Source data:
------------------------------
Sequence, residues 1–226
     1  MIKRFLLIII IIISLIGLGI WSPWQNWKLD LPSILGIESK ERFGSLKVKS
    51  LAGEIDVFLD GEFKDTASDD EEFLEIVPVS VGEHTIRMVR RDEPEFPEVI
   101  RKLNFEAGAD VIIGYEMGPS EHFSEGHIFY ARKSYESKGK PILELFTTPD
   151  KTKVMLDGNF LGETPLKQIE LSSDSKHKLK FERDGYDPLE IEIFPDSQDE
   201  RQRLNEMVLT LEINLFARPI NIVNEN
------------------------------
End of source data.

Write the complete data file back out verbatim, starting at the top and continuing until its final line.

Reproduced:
Sequence, residues 1–226
     1  MIKRFLLIII IIISLIGLGI WSPWQNWKLD LPSILGIESK ERFGSLKVKS
    51  LAGEIDVFLD GEFKDTASDD EEFLEIVPVS VGEHTIRMVR RDEPEFPEVI
   101  RKLNFEAGAD VIIGYEMGPS EHFSEGHIFY ARKSYESKGK PILELFTTPD
   151  KTKVMLDGNF LGETPLKQIE LSSDSKHKLK FERDGYDPLE IEIFPDSQDE
   201  RQRLNEMVLT LEINLFARPI NIVNEN